Red Flag Laws. Anti-gunners love them for exactly the reason that pro-gun people hate them: they circumvent the Constitution so that anti-gunners can take away firearms from innocent people.
People who have been paying attention know this. But the scary part is that there are people in power who actually think that they are a good idea, not just on a state level, but on a national scale. Jacob Sullum writes,
This week the House Judiciary Committee approved the Extreme Risk Protection Order Act. The legislation would provide grants to encourage the passage and enforcement of “red flag” laws, which are supposed to prevent people from possessing firearms when they are deemed a threat to themselves or others. The bill’s standards for grant eligibility vividly illustrate the due process issues raised by such laws. Far from encouraging states to include robust due process protections, the bill would encourage them to slap together the weakest elements of the existing statutes.
The original version of the bill, which was introduced by Rep. Salud Carbajal (D–Calif.) in February, included very loose criteria for red flag laws. An amendment by House Judiciary Committee Chairman Jerrold Nadler (D–N.Y.) made the bill even more permissive.
In Nadler’s version, petitioners—who, depending on the state, may include a long list of relatives and acquaintances as well as police officers and prosecutors—could obtain an ex parte gun confiscation order if a judge decides there is “reasonable cause” to believe the respondent “poses a danger of causing harm” to himself or others. That determination would be made without any input from the respondent, who at this stage is not notified and has no opportunity to rebut the claims against him. Contrary to the bill’s name, the danger the respondent allegedly poses would not need to be “extreme,” substantial, or even significant. Furthermore, no time frame is specified, so the risk would not have to be imminent, which you might think would be a requirement for an ex parte order.
That initial order could last up to a month, at which point the respondent would finally get a hearing, although he wouldn’t have a right to legal representation if he can’t afford it. The judge could issue a final order if, based on “a preponderance of the evidence,” a respondent seems to pose “a danger” to himself or others. Again, any level of risk would do, and the danger could be near or distant. The order could last “for a specified period of time” or until terminated by another order—i.e., indefinitely. Given the standard of proof (which is equivalent to any probability greater than 50 percent) and the level of danger required (anything greater than zero), respondents could lose their Second Amendment rights for a year—or longer, depending on what state legislators decide to allow—even if it was 99.9 percent certain that they never would have hurt themselves or anyone else.
The minimum standards prescribed by Nadler’s bill seem to have been crafted so that all the jurisdictions that already have red flag laws—17 states and the District of Columbia—could qualify for grants. The bill thus would lower the bar to the level of the jurisdictions with the weakest due process protections.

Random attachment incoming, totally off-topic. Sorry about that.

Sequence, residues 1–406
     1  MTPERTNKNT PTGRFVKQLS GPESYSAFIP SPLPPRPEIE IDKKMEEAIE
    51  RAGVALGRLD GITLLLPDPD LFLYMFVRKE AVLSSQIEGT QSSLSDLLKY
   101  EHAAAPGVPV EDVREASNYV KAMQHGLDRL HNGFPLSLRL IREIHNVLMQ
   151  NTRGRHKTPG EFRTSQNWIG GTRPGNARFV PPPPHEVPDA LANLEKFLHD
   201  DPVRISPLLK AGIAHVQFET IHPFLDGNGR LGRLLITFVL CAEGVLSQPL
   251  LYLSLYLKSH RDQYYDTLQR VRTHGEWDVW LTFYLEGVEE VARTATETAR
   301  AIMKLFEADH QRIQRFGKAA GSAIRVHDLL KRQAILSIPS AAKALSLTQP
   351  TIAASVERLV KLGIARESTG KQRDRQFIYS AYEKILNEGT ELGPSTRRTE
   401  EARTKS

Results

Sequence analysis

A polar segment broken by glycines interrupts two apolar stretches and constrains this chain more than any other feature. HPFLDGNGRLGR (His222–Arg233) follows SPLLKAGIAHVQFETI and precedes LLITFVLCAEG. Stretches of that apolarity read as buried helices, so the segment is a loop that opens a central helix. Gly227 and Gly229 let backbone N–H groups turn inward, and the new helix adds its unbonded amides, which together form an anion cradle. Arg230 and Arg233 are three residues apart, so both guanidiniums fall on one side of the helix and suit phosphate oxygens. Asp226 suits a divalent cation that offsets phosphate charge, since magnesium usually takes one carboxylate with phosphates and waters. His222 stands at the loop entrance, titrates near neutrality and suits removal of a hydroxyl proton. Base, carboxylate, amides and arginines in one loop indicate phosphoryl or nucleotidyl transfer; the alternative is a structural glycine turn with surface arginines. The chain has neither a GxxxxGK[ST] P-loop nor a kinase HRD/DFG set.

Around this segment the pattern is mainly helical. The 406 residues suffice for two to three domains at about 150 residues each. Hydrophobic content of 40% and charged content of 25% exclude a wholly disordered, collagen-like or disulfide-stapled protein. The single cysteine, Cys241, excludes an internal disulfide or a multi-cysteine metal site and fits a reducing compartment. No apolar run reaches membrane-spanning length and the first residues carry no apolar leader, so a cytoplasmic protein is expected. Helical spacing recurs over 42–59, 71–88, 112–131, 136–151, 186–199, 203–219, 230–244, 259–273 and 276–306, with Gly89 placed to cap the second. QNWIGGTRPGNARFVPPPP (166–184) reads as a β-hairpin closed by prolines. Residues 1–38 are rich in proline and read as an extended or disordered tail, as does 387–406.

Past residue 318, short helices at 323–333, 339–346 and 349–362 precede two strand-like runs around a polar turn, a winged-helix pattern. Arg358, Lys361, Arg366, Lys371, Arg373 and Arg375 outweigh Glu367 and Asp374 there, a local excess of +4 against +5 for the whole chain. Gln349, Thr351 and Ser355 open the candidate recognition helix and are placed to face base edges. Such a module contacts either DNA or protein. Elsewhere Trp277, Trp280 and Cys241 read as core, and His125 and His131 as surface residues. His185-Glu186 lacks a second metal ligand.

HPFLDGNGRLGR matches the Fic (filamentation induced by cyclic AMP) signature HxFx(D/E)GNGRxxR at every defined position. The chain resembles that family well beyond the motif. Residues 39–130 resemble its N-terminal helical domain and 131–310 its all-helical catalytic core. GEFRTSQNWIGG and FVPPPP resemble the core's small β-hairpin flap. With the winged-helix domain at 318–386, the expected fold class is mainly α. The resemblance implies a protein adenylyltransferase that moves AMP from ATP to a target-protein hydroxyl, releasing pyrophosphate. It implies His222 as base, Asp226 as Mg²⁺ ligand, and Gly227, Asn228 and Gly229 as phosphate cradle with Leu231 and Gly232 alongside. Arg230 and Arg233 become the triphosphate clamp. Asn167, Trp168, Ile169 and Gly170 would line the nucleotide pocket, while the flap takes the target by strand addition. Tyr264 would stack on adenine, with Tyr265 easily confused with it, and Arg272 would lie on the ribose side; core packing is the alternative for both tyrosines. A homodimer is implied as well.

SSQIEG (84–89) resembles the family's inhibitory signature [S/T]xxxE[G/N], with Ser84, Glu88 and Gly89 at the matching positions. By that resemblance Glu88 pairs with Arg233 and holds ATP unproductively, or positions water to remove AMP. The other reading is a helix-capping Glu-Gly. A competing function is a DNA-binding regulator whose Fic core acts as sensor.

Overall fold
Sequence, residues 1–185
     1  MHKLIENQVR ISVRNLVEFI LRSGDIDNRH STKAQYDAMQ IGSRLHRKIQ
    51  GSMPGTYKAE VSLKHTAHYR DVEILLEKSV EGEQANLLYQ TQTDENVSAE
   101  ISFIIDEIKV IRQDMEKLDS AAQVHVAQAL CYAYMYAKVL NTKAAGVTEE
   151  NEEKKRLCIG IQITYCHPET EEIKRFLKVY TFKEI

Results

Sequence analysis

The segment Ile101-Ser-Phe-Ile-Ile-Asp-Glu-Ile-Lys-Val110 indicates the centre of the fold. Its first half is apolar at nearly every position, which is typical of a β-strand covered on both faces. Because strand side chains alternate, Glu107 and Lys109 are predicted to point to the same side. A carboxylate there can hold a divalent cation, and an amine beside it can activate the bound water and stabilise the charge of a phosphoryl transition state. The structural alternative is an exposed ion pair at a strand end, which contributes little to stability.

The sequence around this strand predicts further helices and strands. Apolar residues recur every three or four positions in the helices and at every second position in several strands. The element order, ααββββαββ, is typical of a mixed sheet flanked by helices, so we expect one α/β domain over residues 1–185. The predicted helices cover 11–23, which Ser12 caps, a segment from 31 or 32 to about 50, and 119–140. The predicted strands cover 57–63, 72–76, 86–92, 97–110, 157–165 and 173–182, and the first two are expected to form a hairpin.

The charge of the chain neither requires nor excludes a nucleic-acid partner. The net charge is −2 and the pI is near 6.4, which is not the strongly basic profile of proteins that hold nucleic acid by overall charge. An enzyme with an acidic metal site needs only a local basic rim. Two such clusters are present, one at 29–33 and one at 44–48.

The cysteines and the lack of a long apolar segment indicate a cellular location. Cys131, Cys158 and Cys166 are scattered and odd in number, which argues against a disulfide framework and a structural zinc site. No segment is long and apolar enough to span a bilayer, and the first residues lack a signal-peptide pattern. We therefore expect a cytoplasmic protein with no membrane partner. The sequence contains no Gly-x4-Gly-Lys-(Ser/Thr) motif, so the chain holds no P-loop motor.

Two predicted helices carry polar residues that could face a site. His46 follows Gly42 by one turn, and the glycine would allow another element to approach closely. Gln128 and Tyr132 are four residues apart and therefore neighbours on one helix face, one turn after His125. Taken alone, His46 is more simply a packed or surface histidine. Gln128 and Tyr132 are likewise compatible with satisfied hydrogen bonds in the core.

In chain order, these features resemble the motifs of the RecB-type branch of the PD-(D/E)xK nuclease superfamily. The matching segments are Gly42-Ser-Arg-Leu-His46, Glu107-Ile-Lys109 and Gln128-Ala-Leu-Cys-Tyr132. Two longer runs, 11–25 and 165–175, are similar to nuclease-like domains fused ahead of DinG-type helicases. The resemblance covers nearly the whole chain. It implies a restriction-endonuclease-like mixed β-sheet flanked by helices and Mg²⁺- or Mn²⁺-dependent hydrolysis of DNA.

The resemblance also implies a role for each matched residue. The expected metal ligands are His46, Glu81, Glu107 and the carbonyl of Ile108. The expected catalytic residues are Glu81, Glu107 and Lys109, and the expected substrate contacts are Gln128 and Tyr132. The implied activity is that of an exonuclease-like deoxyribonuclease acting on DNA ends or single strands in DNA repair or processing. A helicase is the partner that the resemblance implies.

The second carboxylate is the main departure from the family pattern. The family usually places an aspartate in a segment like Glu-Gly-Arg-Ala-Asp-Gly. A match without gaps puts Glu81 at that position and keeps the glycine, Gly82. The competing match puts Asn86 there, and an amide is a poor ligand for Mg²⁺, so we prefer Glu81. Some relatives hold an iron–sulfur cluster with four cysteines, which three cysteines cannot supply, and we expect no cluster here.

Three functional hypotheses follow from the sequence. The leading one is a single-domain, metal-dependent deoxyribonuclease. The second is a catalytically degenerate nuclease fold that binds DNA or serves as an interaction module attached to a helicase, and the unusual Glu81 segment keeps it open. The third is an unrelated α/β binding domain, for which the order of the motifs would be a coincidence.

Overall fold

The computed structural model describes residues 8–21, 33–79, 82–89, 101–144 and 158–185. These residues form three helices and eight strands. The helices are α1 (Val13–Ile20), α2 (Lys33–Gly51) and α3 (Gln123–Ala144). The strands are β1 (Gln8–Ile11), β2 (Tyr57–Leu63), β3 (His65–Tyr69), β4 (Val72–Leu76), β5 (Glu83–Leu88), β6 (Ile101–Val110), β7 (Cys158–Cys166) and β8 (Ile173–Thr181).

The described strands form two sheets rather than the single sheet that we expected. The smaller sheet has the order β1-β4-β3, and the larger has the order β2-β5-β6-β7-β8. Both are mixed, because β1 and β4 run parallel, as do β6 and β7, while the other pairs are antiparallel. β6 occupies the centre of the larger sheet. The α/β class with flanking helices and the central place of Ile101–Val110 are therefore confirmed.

In every jurisdiction but two, for example, an ex parte order is supposed to be based on a risk that is “imminent,” “immediate,” or “in the near future.” Nadler’s bill dispenses with that requirement, the better to accommodate D.C. and Massachusetts. The usual time limit on ex parte orders under the existing laws ranges from one to three weeks, with 14 days the most common choice (although ex parte orders can last up to 45 days in Delaware and up to six months in Maryland if they are extended). Nadler’s limit is 30 days.
More than three-quarters of existing red flag laws require “clear and convincing evidence” for a final order. Nadler’s bill says the weaker “preponderance of the evidence” standard is fine, so D.C., Hawaii, Massachusetts, and New Jersey needn’t worry about missing out on federal money. Even among those looser jurisdictions, all but Massachusetts require a “significant” danger, which is hard to define but is at least more than any danger at all, the standard set by Nadler’s bill.
Finally, Nadler’s bill imposes no limit at all on the length of final orders, which under existing laws generally last a year (although they can be renewed in most of the states for another year). The two exceptions are Indiana and New Jersey, where gun confiscation orders last until the respondent files a petition and persuades a judge that he does not pose a danger to himself or others. Under Nadler’s bill, that’s fine too.
So, not only are anti-gun nutcases in the House able to put forth national red flag laws, but there is support in the Senate from supposedly pro-gun Republican politicians like Lindsey Graham (R-SC) and Marco Rubio (R-FL).
These red flag bills need to be crushed and never come back. Contact your Congressional representatives in both the House and the Senate and tell them clearly that you want no red flag laws and no gun control laws at all. Period. End of story.